One trend I have mentioned a lot the past four years is the bifurcation of (our) society along income strata - essentially we are seeing an eroding middle class, and much of the wealth effects from national growth are going to a smaller and smaller amount of people. [Dec 2007: Do the Bottom 80% Stand a Chance?] The economy has continued to grow the past few decades - but the spoils are becoming more concentrated. We can argue til the cows come home on why it has happened (and is happening) but stating the facts, is not 'class warfare'. The gini coefficient (income stratification) in America, based on the report cited last week, is now akin to Mexico.
This has been happening for a long time, it was just hidden under a move of women into the workforce (to maintain incomes in the typical household), then a Fed induced stock bubble, and then a Fed induced real estate bubble - which helped the 'aspirational' middle class pretend they were partaking in growth. Most of that went away with the end of the house ATM. Hence investing in companies that cater to the growing low end ... and high end, are strategies one must explore. Again, this is not a big secret - even the folks at Citigroup wrote a now infamous report on living in a plutonomy. [Sep 2009: Citigroup 2006 - America: A Modern Day Plutonomy]
In a plutonomy, according to Citigroup global strategist Ajay Kapur, economic growth is powered by and largely consumed by the wealthy few.
(of course lawyers have asked that this report be removed so it's more or less impossible to actually find it on the internets nowadays) :) But the takeaway is clear:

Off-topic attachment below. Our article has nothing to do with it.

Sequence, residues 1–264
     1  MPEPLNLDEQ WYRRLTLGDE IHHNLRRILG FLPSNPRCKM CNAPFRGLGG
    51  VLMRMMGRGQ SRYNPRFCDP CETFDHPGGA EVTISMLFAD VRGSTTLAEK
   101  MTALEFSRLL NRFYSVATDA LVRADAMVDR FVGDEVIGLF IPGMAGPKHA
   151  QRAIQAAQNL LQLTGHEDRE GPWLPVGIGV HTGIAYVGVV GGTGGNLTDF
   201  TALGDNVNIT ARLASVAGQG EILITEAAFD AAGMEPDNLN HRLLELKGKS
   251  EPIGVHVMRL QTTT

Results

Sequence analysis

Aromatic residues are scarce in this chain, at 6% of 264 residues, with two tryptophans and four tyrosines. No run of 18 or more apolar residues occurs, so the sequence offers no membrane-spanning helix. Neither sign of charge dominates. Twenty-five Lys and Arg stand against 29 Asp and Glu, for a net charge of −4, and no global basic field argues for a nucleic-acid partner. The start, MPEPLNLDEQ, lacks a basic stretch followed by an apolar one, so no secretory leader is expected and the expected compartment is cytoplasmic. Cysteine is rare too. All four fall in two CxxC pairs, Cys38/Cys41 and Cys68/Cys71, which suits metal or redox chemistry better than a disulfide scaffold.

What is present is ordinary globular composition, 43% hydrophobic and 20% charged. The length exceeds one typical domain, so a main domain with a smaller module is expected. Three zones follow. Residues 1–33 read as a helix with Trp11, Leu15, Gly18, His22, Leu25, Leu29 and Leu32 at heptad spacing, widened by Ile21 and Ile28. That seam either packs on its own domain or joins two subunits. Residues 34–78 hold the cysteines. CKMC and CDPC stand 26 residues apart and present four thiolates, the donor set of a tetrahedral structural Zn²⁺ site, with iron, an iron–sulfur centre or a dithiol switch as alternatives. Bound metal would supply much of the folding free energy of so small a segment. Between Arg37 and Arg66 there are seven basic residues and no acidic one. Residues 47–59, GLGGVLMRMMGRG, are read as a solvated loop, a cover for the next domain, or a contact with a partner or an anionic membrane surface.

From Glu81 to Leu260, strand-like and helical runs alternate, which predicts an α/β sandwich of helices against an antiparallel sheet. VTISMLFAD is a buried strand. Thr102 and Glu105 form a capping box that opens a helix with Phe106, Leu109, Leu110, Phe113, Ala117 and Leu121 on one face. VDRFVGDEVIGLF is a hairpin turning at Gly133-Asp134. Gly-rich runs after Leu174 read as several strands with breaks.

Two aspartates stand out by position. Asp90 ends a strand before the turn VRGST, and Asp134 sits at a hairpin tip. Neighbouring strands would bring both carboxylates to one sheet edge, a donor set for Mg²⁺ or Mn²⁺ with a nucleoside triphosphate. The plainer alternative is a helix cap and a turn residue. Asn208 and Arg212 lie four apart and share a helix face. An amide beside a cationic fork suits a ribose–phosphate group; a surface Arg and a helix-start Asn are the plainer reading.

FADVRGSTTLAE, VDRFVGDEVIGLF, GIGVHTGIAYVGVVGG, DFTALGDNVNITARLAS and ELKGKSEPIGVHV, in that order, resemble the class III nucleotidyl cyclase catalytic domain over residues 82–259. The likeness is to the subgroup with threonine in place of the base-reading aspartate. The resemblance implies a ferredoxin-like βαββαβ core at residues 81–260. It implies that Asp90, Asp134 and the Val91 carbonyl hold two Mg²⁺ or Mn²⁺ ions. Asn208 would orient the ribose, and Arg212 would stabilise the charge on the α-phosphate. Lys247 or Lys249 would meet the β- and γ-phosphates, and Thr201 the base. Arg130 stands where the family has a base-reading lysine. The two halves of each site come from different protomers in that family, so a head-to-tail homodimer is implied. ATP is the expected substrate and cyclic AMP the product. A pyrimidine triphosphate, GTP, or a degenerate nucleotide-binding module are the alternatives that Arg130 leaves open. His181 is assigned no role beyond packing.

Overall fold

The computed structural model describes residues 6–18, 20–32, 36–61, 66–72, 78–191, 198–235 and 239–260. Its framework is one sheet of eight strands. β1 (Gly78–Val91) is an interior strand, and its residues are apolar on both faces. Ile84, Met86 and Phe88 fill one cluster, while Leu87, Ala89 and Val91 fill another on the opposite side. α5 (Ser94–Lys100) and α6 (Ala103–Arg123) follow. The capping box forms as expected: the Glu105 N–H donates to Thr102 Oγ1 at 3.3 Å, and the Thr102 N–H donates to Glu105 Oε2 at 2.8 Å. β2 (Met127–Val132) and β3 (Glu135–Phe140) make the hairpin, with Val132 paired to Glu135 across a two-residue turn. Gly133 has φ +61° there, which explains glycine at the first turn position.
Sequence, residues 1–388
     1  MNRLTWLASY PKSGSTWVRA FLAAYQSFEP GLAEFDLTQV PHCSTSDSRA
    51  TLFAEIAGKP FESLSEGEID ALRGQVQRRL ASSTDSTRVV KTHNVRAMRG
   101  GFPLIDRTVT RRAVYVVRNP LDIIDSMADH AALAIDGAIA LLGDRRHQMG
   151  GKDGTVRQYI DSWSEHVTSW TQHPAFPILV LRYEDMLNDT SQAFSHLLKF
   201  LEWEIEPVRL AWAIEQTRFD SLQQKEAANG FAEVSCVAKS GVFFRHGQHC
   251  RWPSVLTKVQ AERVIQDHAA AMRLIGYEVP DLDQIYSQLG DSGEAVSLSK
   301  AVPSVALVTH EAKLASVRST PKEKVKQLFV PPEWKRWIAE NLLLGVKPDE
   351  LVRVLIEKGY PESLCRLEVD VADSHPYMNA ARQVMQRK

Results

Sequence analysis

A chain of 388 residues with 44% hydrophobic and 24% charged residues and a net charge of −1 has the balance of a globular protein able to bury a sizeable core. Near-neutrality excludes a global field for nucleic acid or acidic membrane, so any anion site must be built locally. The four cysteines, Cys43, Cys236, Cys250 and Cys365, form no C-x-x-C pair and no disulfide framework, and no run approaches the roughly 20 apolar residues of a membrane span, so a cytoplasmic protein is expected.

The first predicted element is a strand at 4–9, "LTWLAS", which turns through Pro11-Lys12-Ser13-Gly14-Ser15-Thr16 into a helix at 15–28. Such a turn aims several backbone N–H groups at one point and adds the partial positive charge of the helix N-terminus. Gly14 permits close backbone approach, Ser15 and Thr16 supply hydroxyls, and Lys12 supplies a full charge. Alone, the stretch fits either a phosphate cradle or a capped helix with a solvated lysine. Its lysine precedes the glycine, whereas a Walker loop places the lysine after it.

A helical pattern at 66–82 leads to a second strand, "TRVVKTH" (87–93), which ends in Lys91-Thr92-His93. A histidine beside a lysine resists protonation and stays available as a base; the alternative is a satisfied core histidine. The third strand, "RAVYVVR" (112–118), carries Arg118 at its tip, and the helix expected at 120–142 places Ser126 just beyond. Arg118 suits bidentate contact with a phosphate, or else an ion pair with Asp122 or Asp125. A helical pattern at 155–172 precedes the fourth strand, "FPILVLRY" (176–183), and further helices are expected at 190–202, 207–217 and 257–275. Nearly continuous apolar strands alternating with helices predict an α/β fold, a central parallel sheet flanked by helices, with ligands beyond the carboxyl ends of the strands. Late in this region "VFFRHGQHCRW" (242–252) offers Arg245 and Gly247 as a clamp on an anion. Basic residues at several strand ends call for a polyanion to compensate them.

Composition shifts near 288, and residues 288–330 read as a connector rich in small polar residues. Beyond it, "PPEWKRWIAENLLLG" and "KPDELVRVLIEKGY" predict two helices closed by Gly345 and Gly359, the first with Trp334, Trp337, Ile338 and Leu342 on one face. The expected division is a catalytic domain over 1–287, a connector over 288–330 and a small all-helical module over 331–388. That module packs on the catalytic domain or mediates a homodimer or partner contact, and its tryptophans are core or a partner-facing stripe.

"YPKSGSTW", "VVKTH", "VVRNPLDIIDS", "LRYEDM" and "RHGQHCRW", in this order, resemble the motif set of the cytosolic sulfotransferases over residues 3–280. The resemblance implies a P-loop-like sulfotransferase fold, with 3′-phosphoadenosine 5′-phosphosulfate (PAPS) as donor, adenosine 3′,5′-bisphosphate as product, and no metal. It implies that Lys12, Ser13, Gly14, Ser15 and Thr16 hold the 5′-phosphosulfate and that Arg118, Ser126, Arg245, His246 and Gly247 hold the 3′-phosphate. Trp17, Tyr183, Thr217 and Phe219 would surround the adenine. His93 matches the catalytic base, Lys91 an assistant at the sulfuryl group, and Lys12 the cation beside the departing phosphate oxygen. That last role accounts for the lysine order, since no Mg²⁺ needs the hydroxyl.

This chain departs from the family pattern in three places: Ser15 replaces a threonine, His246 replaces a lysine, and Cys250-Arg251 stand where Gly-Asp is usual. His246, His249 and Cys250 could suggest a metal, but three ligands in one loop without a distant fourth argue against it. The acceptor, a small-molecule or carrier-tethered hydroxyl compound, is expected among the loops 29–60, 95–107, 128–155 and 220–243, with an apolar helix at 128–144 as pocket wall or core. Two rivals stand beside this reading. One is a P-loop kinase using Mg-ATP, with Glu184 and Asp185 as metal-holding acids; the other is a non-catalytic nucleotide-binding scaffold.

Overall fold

So what was once whispered about in back corners of the internets (and investment banks) is now becoming very much the realization across the mainstream. I'm starting to see talk of this everywhere now. Some recent data shows 80% of the wealth gains over nearly 30 years went to 5% of the population, with 40% to 1% of the population:
- using data from NYU Economist Ed Wolff, shows that more than 80% of the nation’s wealth gains between 1983 and 2009 went to the wealthiest top 5%. The top 1% gained 40% of the nation’s total wealth gain, while the next 4% gained 41.5%.
- The share of wealth held by the bottom 60% dropped 7.5%.
- ....the top 5% controlled 60% of the nation’s wealth as of 2007 (the latest period available), up from 54.2% in 1987. The share of the bottom 50% declined from 3% to 2.5%.
Keep in mind income and wealth are different things - income is essentially what you make (say in a year), whereas wealth is what has been accumulated (and can be passed down over generations - preferably skipping Paris Hilton)
Thankfully most mutual fund investors are in the top 5%-10, so from a professional standpoint - the more the merrier. [Nov 10, 2010; Who Will Any Form of Intermediate Term Wealth Effect Really Help? Not the Masses] Society wise however - I worry when the Marie Antoinette moment comes. Perhaps when we dissolve that 'entitlement program' called food stamps [Dec 8, 2010: Food Stamp Usage Nearing 1 in 7 Americans]. Hungry people tend to have very little patience... and enjoy pitchforks.
I digress! Below we have an interview with Tiffany & Co (TIF) CEO. I cannot think of another publicly traded company in the U.S. (perhaps LVMH in Europe is the best parallel) that caters to a higher end, mostly price unconscious customer. Hence immense pricing power, and every economic trend working in their customers favor. Of course, it's not just a U.S. story as the burgeoning class of rich overseas also is a mega trend.
This gentlemen looks like a cat who just ate the canary - essentially he is like a gold investor in a world of central bankers gone crazy. He really doesn't see anything that can stop the momentum of the company's metrics. Frankly, aside from market crashes - I don't see any of the mega trends that are helping Tiffany changing either.
7 minute video, email readers will need to come to site to view